2) Figure 7–figure supplement 1, part A has a cartoon illustrating quantification of co-localization. However, there is no formal description defining what exactly is being measured by Fin and Fout, or how the Fin/out ratio is calculated. The Results section refers to the Methods, but the Methods section does not really describe the details. The authors should specify the details of how this ratio is calculated.

3) The authors perform a really nice touch neuron-specific knockout experiment for TAC-1 using a single-copy, MOSCI-based, floxed, wild-type TAC-1 transgene (called juSi162) and a transgene that expresses Cre recombinase solely in the touch neurons. They have a PCR strategy for verifying that the recombination occurs as described (found in Figure 4–figure supplement 1E). However, the specifics of the PCR assay and the primers are not described in the paper. It's unclear if the worms from panel E also contain the tac-1(ok3305) deletion mutation. Presumably they do, and that the middle black primer falls within the deletion such that no PCR products are from the endogenous gene? The authors should state this and describe the experiment in more detail.

4) Figure 6 is difficult for the reader to navigate back and forth from the main figure and the supplement. More importantly, there are interesting and important results in the supplement that really should be in the main Figure (i.e., that injury does not alter ZYG-8 subcellular localization, and that TAC-1 and EFA-6 subcellular localization are not dependent on one another). The authors should move the panels A, B, and E from Figure 6–figure supplement 1 into the main body of Figure 6.

5) Figure 5. The authors do not observe a change in MT plus end growth in tac-1(lf) mutants in the graph under panel A. Presumably this experiment was done with the ts allele? What happens in the deletion allele examined with the Cre recombinase approach? This later genotype is more likely to be a null. This experiment could address whether or not TAC-1 is required for the EFA-6-mediated changes in MT dynamics (similar to what is observed for ZYG-8). Also, for the graph in panel B, why don't the authors show the data for the efa-6(lf); zyg-8(lf) and efa-6(lf); tac-1(lf) double mutants?

6) The authors identified ZYG-8 and TAC-1 as EFA-6 binding partners through a yeast two-hybrid screen. They then confirmed the interaction using GST-pull downs of proteins expressed in HEK293 cells. If this were a study being conducted in mammalian brain, one might suggest that they verify whether such protein complexes can be isolated between endogenous proteins from intact brain. However, that would be an unreasonable request given that the C. elegans nervous system comprises such a small percentage of the total biomass of the animal and there is no way to dissect out large quantities of worm neurons for such biochemical studies. Such an experimental requirement should not be requested of these authors, and the significance of their in vivo genetic findings far outweigh the absence of data supporting protein–protein interactions of the endogenous proteins.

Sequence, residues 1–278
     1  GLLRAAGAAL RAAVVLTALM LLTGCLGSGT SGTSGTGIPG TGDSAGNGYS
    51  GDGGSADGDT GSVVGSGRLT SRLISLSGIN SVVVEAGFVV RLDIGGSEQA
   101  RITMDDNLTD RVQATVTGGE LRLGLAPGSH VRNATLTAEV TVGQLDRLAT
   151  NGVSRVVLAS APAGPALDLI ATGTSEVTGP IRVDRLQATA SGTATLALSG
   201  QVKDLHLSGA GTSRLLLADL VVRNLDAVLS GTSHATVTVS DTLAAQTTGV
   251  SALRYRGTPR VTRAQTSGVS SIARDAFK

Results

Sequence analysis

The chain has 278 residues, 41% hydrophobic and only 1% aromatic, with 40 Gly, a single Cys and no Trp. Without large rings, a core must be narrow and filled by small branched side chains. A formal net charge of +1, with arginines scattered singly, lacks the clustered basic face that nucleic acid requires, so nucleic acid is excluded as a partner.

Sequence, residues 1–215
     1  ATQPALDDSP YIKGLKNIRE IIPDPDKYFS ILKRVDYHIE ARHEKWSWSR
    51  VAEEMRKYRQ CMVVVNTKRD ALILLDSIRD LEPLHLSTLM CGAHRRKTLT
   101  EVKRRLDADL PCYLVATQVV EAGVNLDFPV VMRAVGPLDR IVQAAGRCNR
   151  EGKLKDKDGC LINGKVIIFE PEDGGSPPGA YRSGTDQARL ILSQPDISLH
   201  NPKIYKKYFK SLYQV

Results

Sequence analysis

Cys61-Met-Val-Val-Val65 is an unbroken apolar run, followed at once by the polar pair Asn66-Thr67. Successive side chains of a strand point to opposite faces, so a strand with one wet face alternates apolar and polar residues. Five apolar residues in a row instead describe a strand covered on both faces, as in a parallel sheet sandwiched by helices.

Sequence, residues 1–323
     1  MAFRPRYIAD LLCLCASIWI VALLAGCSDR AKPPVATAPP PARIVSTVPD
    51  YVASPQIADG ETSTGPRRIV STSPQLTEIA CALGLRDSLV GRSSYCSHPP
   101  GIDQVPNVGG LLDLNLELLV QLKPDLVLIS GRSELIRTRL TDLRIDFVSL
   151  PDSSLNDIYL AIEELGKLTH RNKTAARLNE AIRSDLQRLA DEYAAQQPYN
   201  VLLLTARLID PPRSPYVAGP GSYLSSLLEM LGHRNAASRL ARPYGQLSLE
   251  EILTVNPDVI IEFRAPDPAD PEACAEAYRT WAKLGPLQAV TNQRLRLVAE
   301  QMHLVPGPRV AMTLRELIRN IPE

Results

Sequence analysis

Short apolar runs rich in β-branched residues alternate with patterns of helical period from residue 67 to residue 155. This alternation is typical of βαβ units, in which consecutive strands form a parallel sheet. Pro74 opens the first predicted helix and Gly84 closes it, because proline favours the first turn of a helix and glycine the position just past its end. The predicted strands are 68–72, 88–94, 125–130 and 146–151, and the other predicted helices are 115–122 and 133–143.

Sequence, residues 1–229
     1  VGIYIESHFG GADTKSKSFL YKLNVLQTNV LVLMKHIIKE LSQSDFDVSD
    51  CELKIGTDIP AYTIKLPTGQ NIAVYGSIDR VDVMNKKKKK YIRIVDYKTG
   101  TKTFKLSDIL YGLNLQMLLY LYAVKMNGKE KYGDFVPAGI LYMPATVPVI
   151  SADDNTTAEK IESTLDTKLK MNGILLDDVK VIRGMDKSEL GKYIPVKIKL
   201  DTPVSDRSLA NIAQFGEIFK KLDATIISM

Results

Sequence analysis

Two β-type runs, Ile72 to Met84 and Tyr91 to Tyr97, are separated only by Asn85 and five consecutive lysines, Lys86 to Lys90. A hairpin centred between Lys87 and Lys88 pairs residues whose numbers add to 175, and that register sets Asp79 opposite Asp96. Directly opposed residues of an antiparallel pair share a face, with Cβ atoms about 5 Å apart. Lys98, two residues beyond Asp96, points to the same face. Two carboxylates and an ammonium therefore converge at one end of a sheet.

https://doi.org/10.7554/eLife.08695.024

Author response

Overall, the manuscript is well written and interesting, and it clearly moves beyond the previous publications on EFA-6 to get at molecular and cell biological mechanism. A published version of this manuscript would be of high interest to those in the fields on axon regeneration and MT dynamics in neurons. That said, the manuscript does require a few alterations before publication. We outline substantive comments below.

1) A key negative result is the lack of significant change in EBP tracks after axon injury in efa-6 mutants (Figure 5A). Given the importance of this negative result to the model, the power of the experiment should be discussed. Ideally it would be nice to see some independent confirmation, perhaps with another allele.

As the reviewers pointed out, this is a critical negative result. Calculations of statistical power using standard methods (e.g. http://powerandsamplesize.com/Calculators/, www.ai-therapy.com/psychology-statistics/) indicate that effects of >15% should be detectable in experiments of this sample size (n > 10 per genotype). We have added a note on the statistical power of these experiments in the Discussion (see subsection “EFA-6 and injury-triggered MT dynamics”).

We have now also tested an independent deletion allele of efa-6, ju1200, for microtubule dynamics (EBP tracks) after axon injury. In the EBP::GFP assay ju1200 resembles the tm3124 allele (Figure 5–figure supplement 1A), consistent with its similar phenotypes in axon development and regeneration (Figure 2C,D).

2) Figure 7–figure supplement 1, part A has a cartoon illustrating quantification of co-localization. However, there is no formal description defining what exactly is being measured by Fin and Fout, or how the Fin/out ratio is calculated. The Results section refers to the Methods, but the Methods section does not really describe the details. The authors should specify the details of how this ratio is calculated.